On Friday’s program, Curran joined Julie Smith, media and communications instructor at Webster University, to discuss how adults can use social media and online information to help children better connect to the world, develop authentic relationships and model acceptable behavior.

Actors Sean MacLaughlin (left) and Michelle Aravena (right) portray characters Juan Perón and Eva Perón.
Eric Woolsey

Eva Perón, also known as Evita, was a first lady of Argentina and radio host adored by the “common man,” later becoming a cultural icon in her country. Controversial for using her power and fame to champion women’s and workers’ rights, she often broke norms.

She was the first woman in Argentina's history, for example, to appear in public on the campaign trail with her husband.

She was so loved by many that her body mysteriously went missing for 17 years after her death. The Repertory Theatre of St. Louis’ current musical production, “Evita,” portrays her life on stage.

On Friday’s St. Louis on the Air, host Don Marsh discussed the play with Steve Woolf, Augustin Family Artistic Director of The Repertory Theatre of St. Louis, and actor Pepe Nufrio, who plays the Che character in “Evita."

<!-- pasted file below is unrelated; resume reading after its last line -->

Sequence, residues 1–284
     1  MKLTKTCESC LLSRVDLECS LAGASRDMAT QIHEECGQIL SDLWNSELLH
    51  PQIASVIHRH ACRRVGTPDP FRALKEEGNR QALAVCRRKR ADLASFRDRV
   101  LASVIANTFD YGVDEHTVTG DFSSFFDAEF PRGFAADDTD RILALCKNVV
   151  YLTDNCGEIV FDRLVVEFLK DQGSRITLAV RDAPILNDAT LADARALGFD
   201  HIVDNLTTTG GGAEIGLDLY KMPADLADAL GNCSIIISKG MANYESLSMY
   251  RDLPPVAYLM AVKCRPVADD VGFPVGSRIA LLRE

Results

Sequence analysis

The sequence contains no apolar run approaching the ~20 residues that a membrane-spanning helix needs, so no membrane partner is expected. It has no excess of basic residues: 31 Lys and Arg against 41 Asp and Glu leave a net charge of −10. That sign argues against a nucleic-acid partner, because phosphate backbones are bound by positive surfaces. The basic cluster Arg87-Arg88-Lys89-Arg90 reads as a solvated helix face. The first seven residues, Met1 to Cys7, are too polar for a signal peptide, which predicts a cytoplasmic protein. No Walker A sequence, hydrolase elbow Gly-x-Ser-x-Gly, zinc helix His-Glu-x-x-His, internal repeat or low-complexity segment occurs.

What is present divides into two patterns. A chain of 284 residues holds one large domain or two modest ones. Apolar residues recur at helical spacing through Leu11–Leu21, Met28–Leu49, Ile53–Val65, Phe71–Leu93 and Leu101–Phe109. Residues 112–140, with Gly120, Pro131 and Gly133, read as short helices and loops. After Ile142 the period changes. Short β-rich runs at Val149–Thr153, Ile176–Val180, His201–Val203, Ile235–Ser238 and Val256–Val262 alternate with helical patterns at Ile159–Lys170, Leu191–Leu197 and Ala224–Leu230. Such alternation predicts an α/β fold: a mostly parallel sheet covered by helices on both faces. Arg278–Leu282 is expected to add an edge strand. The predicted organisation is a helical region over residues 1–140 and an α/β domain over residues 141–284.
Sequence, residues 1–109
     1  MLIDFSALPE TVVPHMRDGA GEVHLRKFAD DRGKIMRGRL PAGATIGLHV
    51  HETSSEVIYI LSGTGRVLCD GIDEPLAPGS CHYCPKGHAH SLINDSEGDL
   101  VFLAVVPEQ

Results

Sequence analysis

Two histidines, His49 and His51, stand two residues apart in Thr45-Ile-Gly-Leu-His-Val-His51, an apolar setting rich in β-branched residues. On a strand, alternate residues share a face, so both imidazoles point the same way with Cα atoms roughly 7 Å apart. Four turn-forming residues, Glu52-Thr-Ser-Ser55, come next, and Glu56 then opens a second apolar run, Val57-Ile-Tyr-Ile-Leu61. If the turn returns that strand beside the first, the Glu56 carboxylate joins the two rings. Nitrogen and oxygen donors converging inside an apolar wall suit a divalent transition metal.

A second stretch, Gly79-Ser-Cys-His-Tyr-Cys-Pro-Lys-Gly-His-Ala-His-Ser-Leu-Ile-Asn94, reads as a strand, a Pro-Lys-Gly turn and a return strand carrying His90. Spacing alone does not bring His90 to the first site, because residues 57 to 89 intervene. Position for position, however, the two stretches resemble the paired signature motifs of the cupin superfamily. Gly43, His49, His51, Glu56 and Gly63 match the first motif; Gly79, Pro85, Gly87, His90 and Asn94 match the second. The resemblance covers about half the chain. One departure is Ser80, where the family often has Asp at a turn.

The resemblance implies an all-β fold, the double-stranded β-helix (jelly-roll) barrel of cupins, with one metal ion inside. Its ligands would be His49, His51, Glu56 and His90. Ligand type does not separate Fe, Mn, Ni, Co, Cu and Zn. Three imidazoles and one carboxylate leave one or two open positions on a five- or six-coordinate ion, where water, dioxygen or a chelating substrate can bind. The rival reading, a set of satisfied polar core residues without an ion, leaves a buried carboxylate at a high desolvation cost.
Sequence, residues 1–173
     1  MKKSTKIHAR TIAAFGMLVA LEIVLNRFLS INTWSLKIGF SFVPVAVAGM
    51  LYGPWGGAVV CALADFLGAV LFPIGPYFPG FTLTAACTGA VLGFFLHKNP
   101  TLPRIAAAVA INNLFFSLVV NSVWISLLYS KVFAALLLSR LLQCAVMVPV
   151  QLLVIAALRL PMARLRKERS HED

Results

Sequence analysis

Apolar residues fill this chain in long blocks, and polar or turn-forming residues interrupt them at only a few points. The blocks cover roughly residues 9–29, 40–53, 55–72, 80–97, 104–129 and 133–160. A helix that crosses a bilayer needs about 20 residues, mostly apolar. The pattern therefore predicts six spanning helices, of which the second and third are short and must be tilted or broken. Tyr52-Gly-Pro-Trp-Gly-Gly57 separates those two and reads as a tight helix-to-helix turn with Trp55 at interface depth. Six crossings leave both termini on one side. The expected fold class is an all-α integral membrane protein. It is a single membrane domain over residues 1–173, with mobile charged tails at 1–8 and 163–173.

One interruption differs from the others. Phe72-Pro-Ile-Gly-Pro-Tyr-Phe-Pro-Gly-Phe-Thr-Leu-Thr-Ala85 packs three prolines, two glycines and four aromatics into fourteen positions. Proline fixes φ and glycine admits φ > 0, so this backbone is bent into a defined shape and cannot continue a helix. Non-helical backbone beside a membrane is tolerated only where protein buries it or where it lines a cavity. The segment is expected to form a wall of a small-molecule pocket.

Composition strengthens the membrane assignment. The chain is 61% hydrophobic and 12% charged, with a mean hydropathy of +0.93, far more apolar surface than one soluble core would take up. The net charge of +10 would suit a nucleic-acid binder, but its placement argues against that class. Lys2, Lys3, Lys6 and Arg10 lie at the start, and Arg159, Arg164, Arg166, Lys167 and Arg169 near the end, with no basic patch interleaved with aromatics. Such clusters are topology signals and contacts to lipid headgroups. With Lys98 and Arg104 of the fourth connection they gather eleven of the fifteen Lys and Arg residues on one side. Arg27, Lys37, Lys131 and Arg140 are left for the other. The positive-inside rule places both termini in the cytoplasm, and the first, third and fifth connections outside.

(L-R) Engin Blackstone, Christie Huck and Stella Erondu are leaders of St. Louis area charter schools. They joined St. Louis on the Air" host Don Marsh to talk about the success of their schools in the region.
Evie Hemphill | St. Louis Public Radio

For students in underserved school districts, charter schools can prove to be an important educational option. Some charter schools fail, but others thrive.

On Tuesday’s St. Louis on the Air, host Don Marsh talked with leaders of three St. Louis charter schools about how they have sought to achieve success and what charter schools have to offer local communities.

George Christie talked about his life as the former leader of the notorious motorcycle club, Hells Angels.
Evie Hemphill | St. Louis Public Radio

As a young boy in the ‘50s, George Christie remembers being in awe when he first saw a motorcyclist coming through town on a decorated Harley Davidson wearing a Levi vest with the sleeves cut off.

“That just stuck in my mind,” Christie described to St. Louis on the Air host Don Marsh on Friday’s program, “… [Someone] talking to my father became so upset [at the motorcyclist] and I thought, ‘gee, this is a pretty powerful position [the motorcyclist] is in and he’s not even paying attention to anybody, he’s just minding his business.’”

Christie later went on to become a leader of the notorious Hells Angels Motorcycle Club and remained dedicated up until one day in 2011, when he left the gang after deciding that he would not partake in the many fights the gang was involved with.

St. Louis Public Radio contributor John Larson (left) talks to local poet Aaron Coleman about the use of poetry and Coleman's book "Threat Come Close."
John Larson | St. Louis Public Radio